NEWS

NEWS
Sharks make new victims in Australia

Monday, 13 of June 2016
By Pamela Castillo

 

Australia is a beautiful country known for its unique natural wonders, from coral reefs to beautiful sea and landscapes, but also because of its unique plant and animal species, including sharks, which also cause many problems. New attacks were registered in last month

 

 

 

Recently, at Mindarie beach in north of Perth was a fatal shark attack last Sunday in which, Doreen Collyer 60 years old, was attacked and killed by what was believed to be a five-metre-shark, just one kilometer off the coast. It was the second person fatally attacked by a shark within a week in Western Australia, the first one was surfer Ben Gerring, who was mauled off Mandurah beach and died in hospital the 3rd of June 2016.

 

 

 

In the Australia Shark Attack File, kept by researchers at Sydney’s Taronga Conservation Society, says that there have been 1,003 shark attacks since records began in 1791. Nonetheless only 232 of themhave been fatal and the average of this is one person per year.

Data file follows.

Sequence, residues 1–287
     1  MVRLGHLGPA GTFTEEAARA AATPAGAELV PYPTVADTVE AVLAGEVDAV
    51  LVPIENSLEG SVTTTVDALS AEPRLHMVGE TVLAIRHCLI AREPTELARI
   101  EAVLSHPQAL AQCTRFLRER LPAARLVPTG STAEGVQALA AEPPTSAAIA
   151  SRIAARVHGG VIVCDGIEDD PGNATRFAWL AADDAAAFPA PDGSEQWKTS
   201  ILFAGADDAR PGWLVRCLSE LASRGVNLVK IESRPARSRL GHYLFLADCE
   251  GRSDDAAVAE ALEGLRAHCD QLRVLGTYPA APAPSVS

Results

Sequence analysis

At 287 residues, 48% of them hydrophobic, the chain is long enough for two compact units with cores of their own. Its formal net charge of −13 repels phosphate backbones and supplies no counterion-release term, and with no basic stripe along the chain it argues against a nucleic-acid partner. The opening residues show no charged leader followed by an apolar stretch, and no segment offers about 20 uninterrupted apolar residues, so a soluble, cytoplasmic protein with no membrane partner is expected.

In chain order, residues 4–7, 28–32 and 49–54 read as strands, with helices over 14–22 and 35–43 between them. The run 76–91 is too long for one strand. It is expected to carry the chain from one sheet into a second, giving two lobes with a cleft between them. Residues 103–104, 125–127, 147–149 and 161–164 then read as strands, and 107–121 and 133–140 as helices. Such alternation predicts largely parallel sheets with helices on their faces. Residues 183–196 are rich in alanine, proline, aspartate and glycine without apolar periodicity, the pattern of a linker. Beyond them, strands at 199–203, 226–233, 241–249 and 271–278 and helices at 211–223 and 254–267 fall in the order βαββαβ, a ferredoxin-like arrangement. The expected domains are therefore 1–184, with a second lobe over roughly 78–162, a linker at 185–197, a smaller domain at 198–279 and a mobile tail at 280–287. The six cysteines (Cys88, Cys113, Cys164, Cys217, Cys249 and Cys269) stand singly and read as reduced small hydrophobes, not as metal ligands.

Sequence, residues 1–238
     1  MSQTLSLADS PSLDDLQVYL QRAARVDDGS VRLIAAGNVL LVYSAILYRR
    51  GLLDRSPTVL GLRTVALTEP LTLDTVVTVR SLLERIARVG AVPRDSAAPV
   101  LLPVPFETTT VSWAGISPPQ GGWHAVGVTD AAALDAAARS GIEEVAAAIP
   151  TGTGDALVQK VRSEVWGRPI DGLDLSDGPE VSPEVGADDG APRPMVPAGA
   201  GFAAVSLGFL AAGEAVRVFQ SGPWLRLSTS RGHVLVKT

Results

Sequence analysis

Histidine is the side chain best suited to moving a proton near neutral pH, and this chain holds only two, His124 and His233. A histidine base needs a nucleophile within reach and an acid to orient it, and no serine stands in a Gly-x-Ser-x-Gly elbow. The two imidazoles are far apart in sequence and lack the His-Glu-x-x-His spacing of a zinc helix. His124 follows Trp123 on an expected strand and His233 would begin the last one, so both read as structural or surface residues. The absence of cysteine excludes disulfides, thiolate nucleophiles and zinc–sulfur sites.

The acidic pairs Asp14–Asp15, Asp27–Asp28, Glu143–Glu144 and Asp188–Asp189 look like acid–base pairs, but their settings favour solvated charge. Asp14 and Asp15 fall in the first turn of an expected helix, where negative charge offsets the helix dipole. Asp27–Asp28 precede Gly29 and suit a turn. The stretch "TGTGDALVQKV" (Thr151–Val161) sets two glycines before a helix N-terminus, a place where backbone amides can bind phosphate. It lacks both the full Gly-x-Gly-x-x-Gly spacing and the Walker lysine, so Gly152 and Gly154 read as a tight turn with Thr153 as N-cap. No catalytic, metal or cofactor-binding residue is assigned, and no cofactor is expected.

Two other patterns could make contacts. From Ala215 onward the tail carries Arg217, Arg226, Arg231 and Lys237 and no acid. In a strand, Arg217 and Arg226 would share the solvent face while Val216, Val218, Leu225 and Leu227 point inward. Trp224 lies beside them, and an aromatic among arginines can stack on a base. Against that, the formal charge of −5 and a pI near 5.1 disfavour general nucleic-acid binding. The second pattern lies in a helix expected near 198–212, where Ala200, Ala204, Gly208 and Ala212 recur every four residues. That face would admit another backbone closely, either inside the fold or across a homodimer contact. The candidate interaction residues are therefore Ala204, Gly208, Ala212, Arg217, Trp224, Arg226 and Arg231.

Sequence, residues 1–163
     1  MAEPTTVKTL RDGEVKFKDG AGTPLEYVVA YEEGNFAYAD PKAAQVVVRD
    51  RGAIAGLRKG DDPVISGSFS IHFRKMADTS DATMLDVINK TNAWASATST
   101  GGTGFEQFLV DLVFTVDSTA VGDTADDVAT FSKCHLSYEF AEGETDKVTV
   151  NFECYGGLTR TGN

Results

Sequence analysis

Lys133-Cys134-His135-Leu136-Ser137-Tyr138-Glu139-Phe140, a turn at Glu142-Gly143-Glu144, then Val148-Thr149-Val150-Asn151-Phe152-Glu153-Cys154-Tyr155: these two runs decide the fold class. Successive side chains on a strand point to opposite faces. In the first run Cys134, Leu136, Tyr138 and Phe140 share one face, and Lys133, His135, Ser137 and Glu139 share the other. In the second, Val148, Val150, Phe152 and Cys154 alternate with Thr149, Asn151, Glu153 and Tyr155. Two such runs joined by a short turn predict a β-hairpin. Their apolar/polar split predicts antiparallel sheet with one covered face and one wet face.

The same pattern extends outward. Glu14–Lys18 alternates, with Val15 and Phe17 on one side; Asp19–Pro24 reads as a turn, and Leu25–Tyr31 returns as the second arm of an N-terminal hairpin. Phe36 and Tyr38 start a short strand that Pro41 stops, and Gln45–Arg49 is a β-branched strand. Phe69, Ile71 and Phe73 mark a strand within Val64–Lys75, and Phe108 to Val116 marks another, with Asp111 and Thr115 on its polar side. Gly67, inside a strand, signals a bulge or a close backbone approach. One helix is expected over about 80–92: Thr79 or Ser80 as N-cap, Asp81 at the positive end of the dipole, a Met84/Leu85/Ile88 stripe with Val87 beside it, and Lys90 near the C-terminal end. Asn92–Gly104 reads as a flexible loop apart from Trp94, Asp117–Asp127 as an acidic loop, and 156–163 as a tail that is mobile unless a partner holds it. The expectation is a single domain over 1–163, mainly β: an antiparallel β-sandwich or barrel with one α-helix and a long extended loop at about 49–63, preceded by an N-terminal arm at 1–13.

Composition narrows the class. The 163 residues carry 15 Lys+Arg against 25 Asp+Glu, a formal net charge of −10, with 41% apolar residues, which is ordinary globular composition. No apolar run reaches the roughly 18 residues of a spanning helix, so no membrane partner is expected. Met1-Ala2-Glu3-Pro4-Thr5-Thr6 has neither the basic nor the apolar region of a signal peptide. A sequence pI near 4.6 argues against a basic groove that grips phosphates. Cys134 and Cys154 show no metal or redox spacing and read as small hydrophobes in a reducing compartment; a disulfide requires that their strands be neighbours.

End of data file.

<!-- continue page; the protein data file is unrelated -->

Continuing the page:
Another interesting fact is that if you are a women the probability of been bitten by shark is very low. For every 100 shark attacks, over six will involve a women, according to data from global shark attack file.

 

However, we are in Australia, and we all want to learn to surf and experience that sensation of surfing on the largest waves, at least one time. Therefore, here are some tips to avoid an encounter with this amazing animal.

 

  • Between the flags of guarded beaches are the safest spots to swim– and keep to shallow water if you want to be particularly cautious. Shark attacks have been known to occur in less than a meter of water.
  • Do not wear shiny swimwear and or any jewelry/accessories; it is better if you wear darker colors.
  •  Avoid swimming or surfing alone, larger groups of people may frighten sharks.
  • Avoid swimming or surfing if it’s dawn, dusk or nighttime. These hours are typical feeding times.
  • Avoid surf or swimming where large schools of fishes present.